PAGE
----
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Morocco - The Collected Traveler:
An Inspired Anthology and Travel Resource (2001)

Barrie Kerprer

A book that combines eye-opening facts for the traveler and articles written about all aspects of visiting Morocco from a traveler’s perspective.

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Saint Veneration Among the Jews in Morocco (1998)

Issachar Ben-Ami

Saint veneration among North African Jews is a unique Jewish phenomenon and even more so among Moroccan Jews, who, even after 60 years of living in Israel, still cherish the traditions and customs that were used in Morocco, using modern means to continue them today. This book opens a window to this unique phenomenon, maps the different saints, and tells their stories.

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Travel, biography

The Caliph's House – A Year in Casablanca (2006)

Tahir Shah

A family is replacing London’s gray sky with sunny Casablanca where they encounter Muslim tradition and African folklore. They slowly learn that an empty house in Morocco is considered to be haunted by demons and that making their dream come true is more challenging than they could have expected.

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The Last Storytellers:
Tales from the Heart of Morocco (2011)

Richard Hamilton

In the modern world with TV and mobile phones there is no place for the old tradition of storytelling, which existed for centuries and was part of Moroccan culture. Richard Hamilton visited Djamaa el Fna, the main square of Marrakech that served as the last stronghold of this endangered art. There, he recorded the people's stories and brings us beautiful examples of what he heard together with the stories of the people who lived in Marrakech. Their lives make the city so fascinating.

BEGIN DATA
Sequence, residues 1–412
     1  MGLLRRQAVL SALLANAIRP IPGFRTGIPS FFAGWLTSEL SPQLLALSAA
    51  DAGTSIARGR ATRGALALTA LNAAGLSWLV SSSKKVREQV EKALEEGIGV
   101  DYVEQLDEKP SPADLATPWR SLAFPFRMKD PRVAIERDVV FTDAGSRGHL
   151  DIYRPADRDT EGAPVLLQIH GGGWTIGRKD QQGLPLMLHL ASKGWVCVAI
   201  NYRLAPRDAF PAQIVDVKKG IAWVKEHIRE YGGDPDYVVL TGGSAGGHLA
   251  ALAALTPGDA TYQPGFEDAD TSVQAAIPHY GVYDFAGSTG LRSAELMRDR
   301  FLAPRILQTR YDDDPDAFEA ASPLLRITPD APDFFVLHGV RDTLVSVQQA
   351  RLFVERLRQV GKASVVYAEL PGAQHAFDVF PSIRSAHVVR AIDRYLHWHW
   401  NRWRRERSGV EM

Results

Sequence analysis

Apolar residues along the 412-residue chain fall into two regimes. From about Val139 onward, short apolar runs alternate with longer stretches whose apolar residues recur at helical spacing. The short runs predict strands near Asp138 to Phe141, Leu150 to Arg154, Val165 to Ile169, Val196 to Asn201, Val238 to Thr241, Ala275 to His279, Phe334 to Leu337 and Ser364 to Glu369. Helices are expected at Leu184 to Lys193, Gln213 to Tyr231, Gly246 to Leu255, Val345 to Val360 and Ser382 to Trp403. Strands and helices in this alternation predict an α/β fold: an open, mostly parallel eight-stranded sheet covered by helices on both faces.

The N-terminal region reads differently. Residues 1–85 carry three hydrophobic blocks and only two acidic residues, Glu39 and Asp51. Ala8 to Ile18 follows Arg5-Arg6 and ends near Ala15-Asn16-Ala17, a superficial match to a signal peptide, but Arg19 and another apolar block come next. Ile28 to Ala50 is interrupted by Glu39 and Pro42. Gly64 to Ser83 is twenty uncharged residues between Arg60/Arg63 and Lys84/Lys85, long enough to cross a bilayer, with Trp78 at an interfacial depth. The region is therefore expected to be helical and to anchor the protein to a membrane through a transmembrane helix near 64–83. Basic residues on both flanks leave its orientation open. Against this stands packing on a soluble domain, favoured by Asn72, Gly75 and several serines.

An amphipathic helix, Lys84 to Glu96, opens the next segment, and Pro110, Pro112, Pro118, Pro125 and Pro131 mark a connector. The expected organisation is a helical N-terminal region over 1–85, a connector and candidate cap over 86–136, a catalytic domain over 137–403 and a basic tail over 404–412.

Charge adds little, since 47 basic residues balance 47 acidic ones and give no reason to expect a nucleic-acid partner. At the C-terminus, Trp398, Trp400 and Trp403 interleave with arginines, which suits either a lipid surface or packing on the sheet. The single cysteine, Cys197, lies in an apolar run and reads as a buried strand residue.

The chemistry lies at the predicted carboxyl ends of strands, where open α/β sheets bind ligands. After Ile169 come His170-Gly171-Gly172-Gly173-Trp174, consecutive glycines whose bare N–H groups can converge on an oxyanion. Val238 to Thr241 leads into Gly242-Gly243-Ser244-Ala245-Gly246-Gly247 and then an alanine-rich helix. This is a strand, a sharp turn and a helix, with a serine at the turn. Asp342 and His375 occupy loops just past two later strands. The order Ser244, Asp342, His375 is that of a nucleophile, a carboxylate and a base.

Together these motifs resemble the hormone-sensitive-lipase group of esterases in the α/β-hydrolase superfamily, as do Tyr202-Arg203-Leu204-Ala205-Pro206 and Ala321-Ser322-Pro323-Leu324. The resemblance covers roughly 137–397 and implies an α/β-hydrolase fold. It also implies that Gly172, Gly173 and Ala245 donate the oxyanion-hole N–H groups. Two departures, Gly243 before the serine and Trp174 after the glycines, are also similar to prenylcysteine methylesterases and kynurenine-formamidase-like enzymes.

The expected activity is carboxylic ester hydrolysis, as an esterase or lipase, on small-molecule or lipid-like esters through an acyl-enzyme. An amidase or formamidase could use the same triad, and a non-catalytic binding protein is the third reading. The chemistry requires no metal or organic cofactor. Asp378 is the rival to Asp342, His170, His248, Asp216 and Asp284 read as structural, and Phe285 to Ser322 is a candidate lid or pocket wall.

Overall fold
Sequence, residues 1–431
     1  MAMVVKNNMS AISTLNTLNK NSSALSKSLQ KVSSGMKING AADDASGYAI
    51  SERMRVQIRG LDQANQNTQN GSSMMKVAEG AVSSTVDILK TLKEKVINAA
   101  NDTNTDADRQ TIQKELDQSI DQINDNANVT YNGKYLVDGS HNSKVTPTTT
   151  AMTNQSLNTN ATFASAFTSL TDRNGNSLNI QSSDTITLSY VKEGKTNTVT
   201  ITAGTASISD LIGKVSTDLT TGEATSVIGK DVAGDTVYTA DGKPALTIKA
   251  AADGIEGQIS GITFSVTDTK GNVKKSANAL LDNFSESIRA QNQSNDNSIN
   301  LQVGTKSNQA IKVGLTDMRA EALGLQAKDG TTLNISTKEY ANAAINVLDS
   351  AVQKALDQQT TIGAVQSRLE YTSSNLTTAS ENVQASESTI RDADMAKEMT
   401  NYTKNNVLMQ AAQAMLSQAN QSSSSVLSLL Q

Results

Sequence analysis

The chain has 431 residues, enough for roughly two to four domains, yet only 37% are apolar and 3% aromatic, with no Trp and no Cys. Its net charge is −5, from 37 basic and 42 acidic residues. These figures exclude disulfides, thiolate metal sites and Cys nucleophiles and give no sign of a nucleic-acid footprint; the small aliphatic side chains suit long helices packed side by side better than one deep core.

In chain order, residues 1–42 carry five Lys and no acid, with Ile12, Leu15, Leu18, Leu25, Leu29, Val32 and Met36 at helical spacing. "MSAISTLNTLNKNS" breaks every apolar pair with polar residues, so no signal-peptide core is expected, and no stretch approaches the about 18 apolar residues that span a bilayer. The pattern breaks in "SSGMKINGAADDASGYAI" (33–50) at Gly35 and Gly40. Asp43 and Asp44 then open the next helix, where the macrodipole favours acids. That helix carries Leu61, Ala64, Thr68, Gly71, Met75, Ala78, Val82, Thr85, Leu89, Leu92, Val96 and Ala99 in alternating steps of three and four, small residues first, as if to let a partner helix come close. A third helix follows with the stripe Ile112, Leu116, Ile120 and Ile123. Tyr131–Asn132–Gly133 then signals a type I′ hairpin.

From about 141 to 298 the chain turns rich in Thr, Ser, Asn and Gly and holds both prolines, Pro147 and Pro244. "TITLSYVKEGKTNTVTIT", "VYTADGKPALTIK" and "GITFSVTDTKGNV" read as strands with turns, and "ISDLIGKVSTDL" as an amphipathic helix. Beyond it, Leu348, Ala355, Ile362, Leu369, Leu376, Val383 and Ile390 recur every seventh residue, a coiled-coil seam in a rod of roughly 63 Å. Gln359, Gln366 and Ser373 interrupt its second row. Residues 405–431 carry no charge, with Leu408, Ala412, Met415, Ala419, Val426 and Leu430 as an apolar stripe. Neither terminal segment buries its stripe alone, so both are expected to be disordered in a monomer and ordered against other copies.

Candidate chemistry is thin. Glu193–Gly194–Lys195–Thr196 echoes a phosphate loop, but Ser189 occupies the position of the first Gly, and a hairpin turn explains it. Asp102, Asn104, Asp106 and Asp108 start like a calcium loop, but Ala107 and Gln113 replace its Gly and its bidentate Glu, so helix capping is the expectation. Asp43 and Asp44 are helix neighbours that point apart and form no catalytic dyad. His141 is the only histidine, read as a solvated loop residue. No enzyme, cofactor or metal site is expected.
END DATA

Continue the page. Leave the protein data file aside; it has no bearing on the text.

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The Mellah of Marrakesh: Jewish and
Muslim Space in Morocco’s Red City (2007)

Emily Gottreich

During a visit to Morocco one wanders through the alleys of the different Jewish Quarters and hears the word Mellah again and again. This book conveys the story of the Marrakech Mellah from its finding in the 16th century to modern time, and sheds light on relationships in the city between Jews and Muslim, Jews and the ruler, and Jews among themselves.

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The Sheltering Sky (1949)

Paul Bowles

An American couple is travelling in North Africa believing the journey could save their marriage.

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The Spider's House (1955)

Paul Bowles

The city of Fes comes alive in a story that follows the turmoil of relationships between colonialist France and traditional Morocco that seeks modernity and independence during the early 50’s.

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Two Arabs, a Berber and a Jew:
Entangled Lives in Morocco (2016)

Lawrence Rosen`

An anthropologic research of many years following the lives of different men who compose the Moroccan mosaic. Especially interesting is the part of the Jew who tells the story of his life among the Berbers and the immigration to the city where he dwells among the Arabs during the Six Day War in 1967.